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Hefty fines, prison time may await motorists who pass stopped school buses
2019 Indiana General Assembly

Hefty fines, prison time may await motorists who pass stopped school buses

School bus camera

Lake Central schools already are using cameras on the side of school buses to record motorists who fail to stop for children loading or unloading from the bus when the stop arm is extended. The Indiana Senate voted 49-0 Monday for a plan to make stop arm enforcement cameras available statewide. Senate Bill 2 now goes to the House.

INDIANAPOLIS — The Indiana Senate is cracking down on Hoosier motorists who drive past stopped school buses when children are boarding or departing after three Fulton County siblings last year were killed by a reckless driver while getting on their bus.

Hoosier senators voted 49-0 Monday for Senate Bill 2, increasing the penalties for motorists who injure or kill a child at a stopped school bus and authorizing schools to deploy cameras on the sides of school buses to record drivers illegally passing the bus.

"All of us drivers have to be more careful and more responsible," said state Sen. Randy Head, R-Logansport, the sponsor. "We can all take action to stop anything like this from happening to anybody else."

Under the plan, which now goes to the House, it would be a level 6 felony, instead of a Class A misdemeanor, if a motorist recklessly drives past a stopped school bus and injures a child.

The crime is enhanced to a level 5 felony, punishable by up to six years in prison and a $20,000 fine, if a motorist causes death by recklessly passing a stopped school bus.

The proposal provides that the reckless motorist also would lose his or her driving privileges for 90 days. A second offense within one year would take away the person's driver's license for a year.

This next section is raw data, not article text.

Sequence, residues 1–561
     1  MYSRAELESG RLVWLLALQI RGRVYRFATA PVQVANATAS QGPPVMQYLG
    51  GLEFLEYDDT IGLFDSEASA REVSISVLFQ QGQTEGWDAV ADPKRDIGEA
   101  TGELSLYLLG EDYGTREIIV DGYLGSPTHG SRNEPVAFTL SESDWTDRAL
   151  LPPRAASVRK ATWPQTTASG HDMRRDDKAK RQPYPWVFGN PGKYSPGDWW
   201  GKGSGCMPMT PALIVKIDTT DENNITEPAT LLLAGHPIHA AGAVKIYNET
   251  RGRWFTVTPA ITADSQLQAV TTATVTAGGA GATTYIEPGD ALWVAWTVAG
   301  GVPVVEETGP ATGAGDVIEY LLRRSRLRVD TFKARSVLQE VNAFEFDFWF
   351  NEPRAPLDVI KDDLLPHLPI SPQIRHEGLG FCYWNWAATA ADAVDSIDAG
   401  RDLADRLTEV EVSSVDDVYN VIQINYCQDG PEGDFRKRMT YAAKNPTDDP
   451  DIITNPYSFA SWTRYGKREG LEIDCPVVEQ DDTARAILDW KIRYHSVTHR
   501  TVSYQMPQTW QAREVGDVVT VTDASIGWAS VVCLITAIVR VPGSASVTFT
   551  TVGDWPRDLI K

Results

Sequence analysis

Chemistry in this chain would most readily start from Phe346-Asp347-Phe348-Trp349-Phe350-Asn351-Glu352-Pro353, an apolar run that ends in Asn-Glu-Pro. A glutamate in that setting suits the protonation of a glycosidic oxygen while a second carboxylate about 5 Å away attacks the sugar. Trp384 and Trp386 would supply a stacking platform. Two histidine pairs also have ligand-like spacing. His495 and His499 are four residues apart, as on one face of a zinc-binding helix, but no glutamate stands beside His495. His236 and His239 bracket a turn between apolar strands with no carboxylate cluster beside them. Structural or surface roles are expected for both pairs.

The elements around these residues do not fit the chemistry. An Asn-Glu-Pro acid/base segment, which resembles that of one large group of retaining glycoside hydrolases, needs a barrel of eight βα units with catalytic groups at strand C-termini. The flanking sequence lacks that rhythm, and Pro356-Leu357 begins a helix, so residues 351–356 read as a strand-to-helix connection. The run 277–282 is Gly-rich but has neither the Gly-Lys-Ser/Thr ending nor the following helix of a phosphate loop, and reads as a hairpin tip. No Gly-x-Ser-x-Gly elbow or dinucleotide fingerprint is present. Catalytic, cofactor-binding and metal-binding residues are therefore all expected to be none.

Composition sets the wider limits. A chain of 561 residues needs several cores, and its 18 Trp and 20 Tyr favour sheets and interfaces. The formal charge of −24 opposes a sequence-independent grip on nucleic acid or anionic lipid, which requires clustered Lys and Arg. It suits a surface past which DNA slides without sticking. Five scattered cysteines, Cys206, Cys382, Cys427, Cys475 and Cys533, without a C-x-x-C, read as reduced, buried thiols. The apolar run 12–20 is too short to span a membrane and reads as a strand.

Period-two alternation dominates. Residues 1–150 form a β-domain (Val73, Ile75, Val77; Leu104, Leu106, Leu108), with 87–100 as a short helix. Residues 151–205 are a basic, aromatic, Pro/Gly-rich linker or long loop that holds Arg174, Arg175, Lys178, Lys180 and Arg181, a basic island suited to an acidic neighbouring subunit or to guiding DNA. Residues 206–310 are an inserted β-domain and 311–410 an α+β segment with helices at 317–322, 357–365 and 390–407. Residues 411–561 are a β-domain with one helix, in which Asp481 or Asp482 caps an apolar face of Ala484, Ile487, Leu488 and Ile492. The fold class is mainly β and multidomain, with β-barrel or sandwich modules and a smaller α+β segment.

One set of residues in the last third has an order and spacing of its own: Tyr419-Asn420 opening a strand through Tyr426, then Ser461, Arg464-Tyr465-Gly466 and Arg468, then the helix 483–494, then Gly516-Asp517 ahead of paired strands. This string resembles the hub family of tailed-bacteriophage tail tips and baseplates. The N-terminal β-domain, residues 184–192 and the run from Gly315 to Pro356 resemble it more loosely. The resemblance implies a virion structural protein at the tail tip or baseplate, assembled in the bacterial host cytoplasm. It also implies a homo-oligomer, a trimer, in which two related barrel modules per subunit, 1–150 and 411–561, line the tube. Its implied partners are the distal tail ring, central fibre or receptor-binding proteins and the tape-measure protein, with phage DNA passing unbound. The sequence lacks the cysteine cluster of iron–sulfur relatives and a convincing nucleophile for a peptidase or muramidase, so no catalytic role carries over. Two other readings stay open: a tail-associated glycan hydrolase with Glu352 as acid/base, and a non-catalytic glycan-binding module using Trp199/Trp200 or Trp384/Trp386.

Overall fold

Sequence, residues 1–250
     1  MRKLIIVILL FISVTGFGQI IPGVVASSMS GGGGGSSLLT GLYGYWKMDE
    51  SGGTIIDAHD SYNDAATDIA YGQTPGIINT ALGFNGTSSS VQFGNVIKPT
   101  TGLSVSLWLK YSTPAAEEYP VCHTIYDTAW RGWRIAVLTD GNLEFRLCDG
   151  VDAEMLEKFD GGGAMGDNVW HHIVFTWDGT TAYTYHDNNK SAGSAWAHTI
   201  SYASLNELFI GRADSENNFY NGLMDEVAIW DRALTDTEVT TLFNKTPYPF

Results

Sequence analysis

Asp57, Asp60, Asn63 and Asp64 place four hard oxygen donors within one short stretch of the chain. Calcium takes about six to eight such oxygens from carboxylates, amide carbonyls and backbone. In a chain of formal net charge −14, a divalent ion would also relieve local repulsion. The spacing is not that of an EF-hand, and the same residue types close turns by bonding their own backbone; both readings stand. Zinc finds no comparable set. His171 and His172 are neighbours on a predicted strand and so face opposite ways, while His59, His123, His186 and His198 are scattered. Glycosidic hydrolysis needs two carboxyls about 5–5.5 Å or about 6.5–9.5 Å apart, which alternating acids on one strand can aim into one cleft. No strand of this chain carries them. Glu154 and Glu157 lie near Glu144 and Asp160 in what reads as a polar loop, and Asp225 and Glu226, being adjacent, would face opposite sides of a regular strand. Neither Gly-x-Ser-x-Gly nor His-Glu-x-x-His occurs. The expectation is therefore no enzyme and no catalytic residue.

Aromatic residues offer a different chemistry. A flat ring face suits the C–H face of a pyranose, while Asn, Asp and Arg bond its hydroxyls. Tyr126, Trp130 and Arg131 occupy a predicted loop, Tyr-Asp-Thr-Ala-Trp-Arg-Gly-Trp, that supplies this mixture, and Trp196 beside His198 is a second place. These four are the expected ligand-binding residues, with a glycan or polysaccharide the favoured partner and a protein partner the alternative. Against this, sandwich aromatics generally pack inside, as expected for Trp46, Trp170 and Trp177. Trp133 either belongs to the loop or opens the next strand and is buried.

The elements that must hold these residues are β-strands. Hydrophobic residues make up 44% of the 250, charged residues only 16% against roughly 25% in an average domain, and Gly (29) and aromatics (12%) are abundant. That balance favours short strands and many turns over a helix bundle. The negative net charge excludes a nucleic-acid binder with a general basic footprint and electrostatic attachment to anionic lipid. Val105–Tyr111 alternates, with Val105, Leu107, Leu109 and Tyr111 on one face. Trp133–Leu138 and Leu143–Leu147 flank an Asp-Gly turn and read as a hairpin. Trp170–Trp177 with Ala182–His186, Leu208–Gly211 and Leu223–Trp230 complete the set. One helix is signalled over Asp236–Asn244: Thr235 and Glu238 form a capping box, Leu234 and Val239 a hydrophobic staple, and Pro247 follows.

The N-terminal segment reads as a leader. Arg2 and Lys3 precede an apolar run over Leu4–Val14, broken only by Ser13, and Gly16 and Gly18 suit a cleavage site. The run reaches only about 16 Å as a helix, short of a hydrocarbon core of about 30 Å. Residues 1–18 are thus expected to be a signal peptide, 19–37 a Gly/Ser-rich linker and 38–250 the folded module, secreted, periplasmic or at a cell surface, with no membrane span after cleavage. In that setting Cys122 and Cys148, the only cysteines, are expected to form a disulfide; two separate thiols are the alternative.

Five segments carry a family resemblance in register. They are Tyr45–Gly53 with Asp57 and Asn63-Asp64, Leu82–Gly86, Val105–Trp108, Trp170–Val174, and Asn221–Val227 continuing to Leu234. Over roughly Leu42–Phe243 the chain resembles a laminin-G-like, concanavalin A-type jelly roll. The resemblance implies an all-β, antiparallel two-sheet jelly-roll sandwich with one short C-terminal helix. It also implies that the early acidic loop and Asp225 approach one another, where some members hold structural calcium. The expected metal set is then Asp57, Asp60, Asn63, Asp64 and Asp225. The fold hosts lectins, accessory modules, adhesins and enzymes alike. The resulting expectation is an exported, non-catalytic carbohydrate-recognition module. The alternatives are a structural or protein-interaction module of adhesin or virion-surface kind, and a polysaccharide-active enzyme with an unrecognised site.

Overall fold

In addition, the legislation authorizes school corporations and private schools to contract with camera companies to install stop arm cameras on their school buses.

Images and recordings of stop arm violations would be provided to local police to determine who was driving the vehicle and to issue a ticket — if the recording and investigation shows sufficient evidence of the violation.

The legislation imposes significantly higher fines than most traffic infractions: $300 for a first violation; $750 for a second violation within five years; and $1,000 for every subsequent violation within five years.

Up to 25 percent of the fine revenue, after deducting court costs, could be paid to the camera company. While the remainder would be distributed to the school corporation or private school that operates or contracts for the school bus, according to the measure.

School bus drivers of elementary school students also no longer could drop off a student in an unincorporated area where the student would have to cross a U.S. highway or state route, unless the bus stop is approved by the local school board.

"As the mother of school-age children certainly this is an issue that was a concern to me," said state Sen. Erin Houchin, R-Salem. "In particular, the provisions of stopping the bus on the right side of the road and not having children crossing highways."

Region lawmakers sponsoring the proposal are state Sens. Mike Bohacek, R-Michiana Shores; and Lonnie Randolph, D-East Chicago; and state Rep. Jim Pressel, R-Rolling Prairie.


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